FIGS. 2 and 3 show a drafting head incorporating a control device according to the invention. The drafting head is one of a number of such heads H (FIG. 1) which draft a corresponding number of laps from a single scutcher S or other lap-forming source.

Each drafting head includes the usual pairs of front and back rollers 11, 12 and 13, 14, each pair providing a nip, the material 15 to be drafted entering between the back rollers 13, 14 and emerging, as a sliver, from the front rollers 11, 12.

The lower roller 14 of the back pair is driven at a fixed speed by a suitable motor drive (not shown). The lower roller 12 of the front pair is positively driven by a variable speed electric motor 16, and the upper roller 11 of this pair is carried upon arms which are pivoted at a point some distance away from the roller 11, so that the roller 11 can move up and down slightly in accordance with variations in thickness in the sliver passing between it and the lower front roller 12. One of the arms 17 is coupled, through a suitable link system 18 to the movable arm 19 of a variable resistance 20 in an electrical control circuit for the electric motor 16, the arrangement being such that when the sliver thickness increases, the motor 16 is speeded up to increase the draft, thus compensating for the increase in thickness.

The lower roller 12 of the front pair has an extended shaft 21 on the outer end of which is secured a first crown wheel 22 of a differential gear which comprises two parallel crown wheels 22, 23 meshing with intermediate pinions 24, 25 which are disposed therebetween. A cage 26 for the pinions 24, 25 carries a lever 27 in such manner that it will pivot about the axis of the crown wheels 22, 23 of the differential and of the lower roller 12 if the pinions 24, 25 tend to move around the crown wheels 22, 23.

The lever 27 constitutes the movable arm of a second variable resistance 28 in the electrical control circuit of the driving motor 16 for the lower front roller 12, so that when the lever 27 pivots as aforesaid it will vary the amount of the second resistance 28 in the circuit. Such second resistance 28 is incorporated in the circuit so that it is capable of modifying the effect of variations of the first variable resistance 20.

The crown wheel 23 of the ditferential is integral with a pinion 29 which meshes with a gear wheel 30, the reduction ratio being equal to the nominal draft of the drafting head, the gear wheel 30 being mounted for rotation with the lower roller 14 of the back pair on the shaft thereof.

In operation, the control above described serves, by movement of the upper roller 11 of the front pair to measure the thickness of the sliver (which can be used as a measure of its weight per unit length) and, by variation of the first variable resistance 20, to control the speed of the motor 16 driving the lower front roller 12 in relation thereto to compensate for differences in thickness or weight per unit length. Thus, if the measured thickness is too great, the front roller speed is increased to increase the draft to reduce the thickness.

The speed of the front rollers 11, 12, however, is determined not only by the measured thickness but also by the integrated deviation of the draft from its nominal value. If the actual mean draft and the nominal draft remain equal, the pinion carrier 26 of the diiferential gear remains stationary and the motor control is dependent upon the thickness of the sliver only. If necessary, the elfect of the integrated deviation may be subject to be slow acting so that the compensating variation of the control circuit of the variable speed motor 16 lags be hind the changes in the mean draft. When such changes occur, then the pinion carrier 26 of the differential is caused to move relative to the crown wheels 22, 23 to alter the signal to the variable speed motor 16 in such a way that the mean draft tends to return to its nominal value.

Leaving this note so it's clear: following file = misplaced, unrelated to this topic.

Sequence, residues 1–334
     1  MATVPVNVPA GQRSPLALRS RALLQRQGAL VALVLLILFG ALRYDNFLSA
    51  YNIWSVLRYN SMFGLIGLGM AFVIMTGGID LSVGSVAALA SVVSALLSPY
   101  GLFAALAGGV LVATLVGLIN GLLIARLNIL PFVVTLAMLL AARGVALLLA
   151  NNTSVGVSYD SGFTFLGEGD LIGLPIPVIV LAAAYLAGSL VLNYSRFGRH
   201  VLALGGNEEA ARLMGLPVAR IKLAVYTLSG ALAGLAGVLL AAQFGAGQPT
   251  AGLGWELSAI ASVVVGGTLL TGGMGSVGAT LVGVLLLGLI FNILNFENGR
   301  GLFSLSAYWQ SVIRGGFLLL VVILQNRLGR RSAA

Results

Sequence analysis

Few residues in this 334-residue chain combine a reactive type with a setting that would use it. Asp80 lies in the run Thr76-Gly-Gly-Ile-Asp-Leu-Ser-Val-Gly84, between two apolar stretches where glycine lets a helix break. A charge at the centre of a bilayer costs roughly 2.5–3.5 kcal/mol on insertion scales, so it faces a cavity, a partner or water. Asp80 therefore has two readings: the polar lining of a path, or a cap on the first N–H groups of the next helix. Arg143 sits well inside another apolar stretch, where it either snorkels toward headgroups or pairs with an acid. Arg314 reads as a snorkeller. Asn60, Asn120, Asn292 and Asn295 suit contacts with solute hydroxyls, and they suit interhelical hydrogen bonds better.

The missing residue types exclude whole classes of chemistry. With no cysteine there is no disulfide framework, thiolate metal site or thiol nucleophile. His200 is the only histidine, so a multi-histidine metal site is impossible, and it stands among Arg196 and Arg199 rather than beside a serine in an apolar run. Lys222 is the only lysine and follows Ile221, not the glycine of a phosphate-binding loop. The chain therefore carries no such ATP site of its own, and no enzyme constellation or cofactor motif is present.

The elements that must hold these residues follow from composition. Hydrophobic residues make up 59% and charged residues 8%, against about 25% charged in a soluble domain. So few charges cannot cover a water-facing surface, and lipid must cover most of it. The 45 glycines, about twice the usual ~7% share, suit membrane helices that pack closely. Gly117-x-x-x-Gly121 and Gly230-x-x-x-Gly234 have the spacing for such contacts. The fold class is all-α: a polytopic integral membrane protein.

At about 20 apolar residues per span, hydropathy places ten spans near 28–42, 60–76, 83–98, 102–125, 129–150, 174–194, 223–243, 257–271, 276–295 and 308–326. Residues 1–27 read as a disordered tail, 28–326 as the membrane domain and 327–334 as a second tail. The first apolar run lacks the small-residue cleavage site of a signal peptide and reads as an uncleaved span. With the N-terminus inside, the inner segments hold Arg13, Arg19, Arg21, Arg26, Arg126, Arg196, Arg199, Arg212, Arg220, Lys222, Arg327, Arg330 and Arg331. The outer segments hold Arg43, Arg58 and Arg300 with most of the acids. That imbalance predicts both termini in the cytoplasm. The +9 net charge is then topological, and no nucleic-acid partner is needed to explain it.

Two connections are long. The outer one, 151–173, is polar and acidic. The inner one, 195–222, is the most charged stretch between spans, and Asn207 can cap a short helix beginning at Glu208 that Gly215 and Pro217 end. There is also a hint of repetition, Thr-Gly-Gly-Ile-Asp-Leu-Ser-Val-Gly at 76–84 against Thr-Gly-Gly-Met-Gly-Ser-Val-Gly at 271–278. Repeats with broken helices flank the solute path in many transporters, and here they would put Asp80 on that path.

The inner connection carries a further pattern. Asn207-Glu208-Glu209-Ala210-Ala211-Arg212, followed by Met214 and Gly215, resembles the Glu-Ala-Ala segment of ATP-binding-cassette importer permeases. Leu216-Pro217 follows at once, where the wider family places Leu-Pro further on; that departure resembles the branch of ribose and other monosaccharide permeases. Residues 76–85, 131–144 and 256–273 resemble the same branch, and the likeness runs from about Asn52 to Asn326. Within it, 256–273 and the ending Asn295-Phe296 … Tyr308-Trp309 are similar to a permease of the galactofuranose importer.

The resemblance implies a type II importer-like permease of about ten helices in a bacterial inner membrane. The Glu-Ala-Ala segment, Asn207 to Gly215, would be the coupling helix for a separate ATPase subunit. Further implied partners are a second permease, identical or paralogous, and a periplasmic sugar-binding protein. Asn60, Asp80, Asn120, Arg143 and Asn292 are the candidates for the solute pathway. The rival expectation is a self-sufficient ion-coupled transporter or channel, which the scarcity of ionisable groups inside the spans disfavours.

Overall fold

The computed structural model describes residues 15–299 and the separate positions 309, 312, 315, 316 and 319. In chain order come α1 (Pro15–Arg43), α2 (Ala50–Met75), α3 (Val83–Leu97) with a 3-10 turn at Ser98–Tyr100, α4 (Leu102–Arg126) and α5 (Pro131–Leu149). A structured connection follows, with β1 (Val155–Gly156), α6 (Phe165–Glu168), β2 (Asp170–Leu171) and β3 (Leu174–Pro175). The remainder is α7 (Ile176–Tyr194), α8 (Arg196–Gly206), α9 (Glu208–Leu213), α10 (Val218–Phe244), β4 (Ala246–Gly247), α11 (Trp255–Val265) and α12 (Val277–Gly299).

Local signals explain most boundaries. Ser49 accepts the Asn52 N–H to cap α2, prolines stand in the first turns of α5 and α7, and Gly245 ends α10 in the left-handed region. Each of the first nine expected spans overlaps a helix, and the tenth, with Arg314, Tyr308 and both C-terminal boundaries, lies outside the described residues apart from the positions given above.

It will be observed that control of short-term fluctuations is by way of a feed back control system. In conjunction with the control arrangement just described, automatic or manual control over the mean Weight of the laps fed to the individual drafting heads will be used, as is commonly done, and extremely consistent slivers will be produced. Not only will there be no variation between drafting heads, but the mean weight will not vary.

Referring now to FIGURES 4 and of the drawings, another embodiment of the invention is illustrated. In this case, control of long and short-term variations in weight per unit length of the fibrous web or lap produced by a scutcher S is effected. A scutcher, unlike a draw frame, does not receive only part of the product issuing from a preceding machine M, but the whole of the product.

'Scutchers are commonly provided with tripod feed regulators. In such a regulator, pedals work on a knife-edged fulcrum and operate through a balanced system of levers, which are connected to a belt that runs on opposed cone drums. When the pedals move, due to uneven thickness of the layer of cotton or the like, passing between the pedal roller and the pedals, the belt is adjusted on the cone drums to alter the speed of the pedal roller in compensating fashion. FIG. 5 shows diagrammatically such a scutcher modified to operate according to the present invention.

The main elements of the scutcher are the beater 31, the to cage 32, the bottom cage 33, the calender rollers 34, 35, 36, 37 and the lap rollers 38, 39, this part of the machine being fed with cotton by a feed lattice 40 and via a pedal roller 41 operatively associated with a pedal assembly 42 supported by a knife rail 43. The usual opposed cone drums 44, 45 are provided.

The pedal assembly 42 is connected by a link motion 46 to a lever 47 which is itself pivoted to a nut 48. One end of the lever 47 carries a counterweight 49 while the other end carries means 50 for shifting a belt 51 running on the cone drums 44, 45. This part of the arrangement constitutes an open loop control system for short-term variations in the thickness of the lap 52 since, as has been ex plained, variation in the thickness of the web fed to the scutcher by the lattice 40, if the operation of the machine remained constant, would cause variation in the thickness of the finished lap 52.